Elsa walked out onto the porch in a tattered dress, a dishrag in her chubby hands. She squealed with delight as Pietro and Carmen mounted the concrete steps to their home. She babbled in Italian, hugging Pietro. Three dirty children surrounded him, poking into his satchel.

The aromas emanating from the kitchen tantalized Pietro as he walked into the house. It had been weeks since he had a real meal. Almost faint with hunger, he laid his baggage down and followed Elsa into the kitchen. Fresh-baked bread, sausages, and pasta fagioli. The meal looked like a feast to Pietro. Elsa laid an extra place for him and motioned for Pietro to sit. She ladled the steaming bean soup into their bowls Carmen sliced the warm bread, a dish of olive oil for dipping in the center of the table.

Carmen gave a word of thanks for the safe arrival of his younger brother. The children giggled while they watched their uncle dig into his plate with relish.


Later, when dishes were cleared and washed, the children in bed, Pietro and Carmen went out to the porch together.

Carmen motioned for his brother to sit on a wooden crate that served as the porch’s only seat. Pietro sat and tried to play a pleasant tune on his harmonica. It shocked Pietro to see the poor conditions around him. His brother was fortunate to have one of the few small homes in the area when so many others lived in the close quarters of the row houses. So far Americans weren’t much different than the poor of Italy.

“I know it isn’t much, brother,” Carmen said in Italian, lighting a cigarette with the strike of a wooden match against the wooden railing and blowing smoke through his nostrils. “But I have heard about plentiful work, the steel factory, coal mines in nearby West Virginia, and there may even be work for someone like you with you skilled labor. New buildings spring up like weeds.” Carmen gestured with his hands high in the air, the cigarette dangling from the corner of his mouth. “Trust me, my brother, we will do well here. Give it time.”

Pietro looked into the night sky, stars shimmered in brilliance. He made a wish on a falling star: I want to do so much more than my papa. I want to be the one to break the curse of poverty in my family.

“I am so tired,” Pietro said, rising to his feet with a huge jaw-cracking yawn. “Please brother, show me where I may sleep.”

Carmen brought his brother to a small room near the kitchen, a tangle of blankets on the floor, his makeshift bed. After saying goodnight to one another, Pietro said his prayers and then lay upon the blankets falling instantly to sleep.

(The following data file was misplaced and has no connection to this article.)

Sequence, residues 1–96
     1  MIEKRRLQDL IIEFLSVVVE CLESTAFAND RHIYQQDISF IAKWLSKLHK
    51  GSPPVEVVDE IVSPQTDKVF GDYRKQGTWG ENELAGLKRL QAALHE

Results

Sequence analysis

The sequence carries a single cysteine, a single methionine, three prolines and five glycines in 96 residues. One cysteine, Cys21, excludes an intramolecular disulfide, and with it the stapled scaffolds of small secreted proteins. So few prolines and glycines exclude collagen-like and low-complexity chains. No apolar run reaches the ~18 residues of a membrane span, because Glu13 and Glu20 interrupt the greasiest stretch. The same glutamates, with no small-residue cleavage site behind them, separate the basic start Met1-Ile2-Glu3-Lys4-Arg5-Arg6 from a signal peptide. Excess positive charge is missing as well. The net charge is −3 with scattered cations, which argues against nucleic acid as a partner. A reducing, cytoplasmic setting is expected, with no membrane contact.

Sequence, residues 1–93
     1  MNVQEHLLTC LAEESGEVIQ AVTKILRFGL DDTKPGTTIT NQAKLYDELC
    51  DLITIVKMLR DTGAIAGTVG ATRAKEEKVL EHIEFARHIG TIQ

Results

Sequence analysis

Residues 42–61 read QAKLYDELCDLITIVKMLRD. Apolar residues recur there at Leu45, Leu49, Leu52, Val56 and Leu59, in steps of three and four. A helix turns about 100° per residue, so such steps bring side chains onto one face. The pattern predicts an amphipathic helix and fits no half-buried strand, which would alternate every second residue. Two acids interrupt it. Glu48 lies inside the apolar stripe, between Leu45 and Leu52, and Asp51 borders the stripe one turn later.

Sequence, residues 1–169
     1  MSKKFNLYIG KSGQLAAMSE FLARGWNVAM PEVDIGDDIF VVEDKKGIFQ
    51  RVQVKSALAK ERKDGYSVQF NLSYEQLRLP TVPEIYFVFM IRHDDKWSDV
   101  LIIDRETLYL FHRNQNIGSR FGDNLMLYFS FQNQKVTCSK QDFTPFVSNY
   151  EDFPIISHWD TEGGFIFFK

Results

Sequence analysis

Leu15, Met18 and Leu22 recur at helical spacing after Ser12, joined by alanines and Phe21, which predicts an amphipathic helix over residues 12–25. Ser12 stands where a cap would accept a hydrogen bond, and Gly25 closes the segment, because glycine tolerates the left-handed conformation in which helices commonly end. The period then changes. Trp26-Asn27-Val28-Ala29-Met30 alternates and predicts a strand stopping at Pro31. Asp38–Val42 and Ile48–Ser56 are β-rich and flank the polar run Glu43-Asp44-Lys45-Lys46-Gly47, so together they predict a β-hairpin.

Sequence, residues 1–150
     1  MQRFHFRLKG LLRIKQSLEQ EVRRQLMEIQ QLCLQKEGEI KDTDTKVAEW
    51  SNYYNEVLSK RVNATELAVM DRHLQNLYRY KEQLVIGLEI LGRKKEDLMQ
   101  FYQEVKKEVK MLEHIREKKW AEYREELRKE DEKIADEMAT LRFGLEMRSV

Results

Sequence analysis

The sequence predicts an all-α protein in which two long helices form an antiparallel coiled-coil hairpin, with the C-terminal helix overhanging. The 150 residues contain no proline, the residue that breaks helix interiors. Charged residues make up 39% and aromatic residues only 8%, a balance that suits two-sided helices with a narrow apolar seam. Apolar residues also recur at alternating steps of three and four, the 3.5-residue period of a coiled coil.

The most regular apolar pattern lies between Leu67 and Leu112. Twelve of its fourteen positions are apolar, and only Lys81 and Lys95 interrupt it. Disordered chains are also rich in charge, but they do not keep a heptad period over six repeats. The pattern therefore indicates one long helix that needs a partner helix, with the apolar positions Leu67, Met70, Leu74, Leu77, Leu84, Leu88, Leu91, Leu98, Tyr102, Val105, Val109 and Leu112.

The summer months flew by while Pietro worked long hours. His back ached, his arms and legs tight from lengthy days shoveling coal for the furnaces of the American Bridge Corporation, his first job. At night, he sat at the workbench in his makeshift carpentry shop, the shed behind his brother’s house, mending furniture for people in the town

Weekends, he and his brother labored, beginning construction on new homes. They could barely keep up with the work that flooded them and four hours sleep a night weren’t nearly enough. But the thought pressed ever on: This is for you, Adelina.

People in the town began to hear of this hard-working man, the one with the magic hands; the stocky, Italian man who was known to play his harmonica on the way to his jobs.


By the time spring rolled around the following year, Pietro sat and wrote the most important letter of his life. The letter to Adelina.

My dearest wife:

It is with a glad heart that I write to you. I have done it, my darling. I have made a name for myself in America. I have a small home for us and our children. I have a garden that makes the one back home appear small. I am ready for you now, my love. Ready for you and our children to join me. My heart is happy. I await your letter.

Your love, Pietro


In June of 1911, another ship, the Verona, docked at Ellis Island. A woman with a pretty, yet careworn face departed with three small children clinging to her long skirts. Their faces were filled with fear, yet also with the light of hope. When they arrived on the train to Ambridge, Pennsylvania, Pietro was there to greet them, running to them, kissing his precious children, his beautiful wife.

Submitted: January 17, 2022

© Copyright 2022 Karen L Malena. All rights reserved.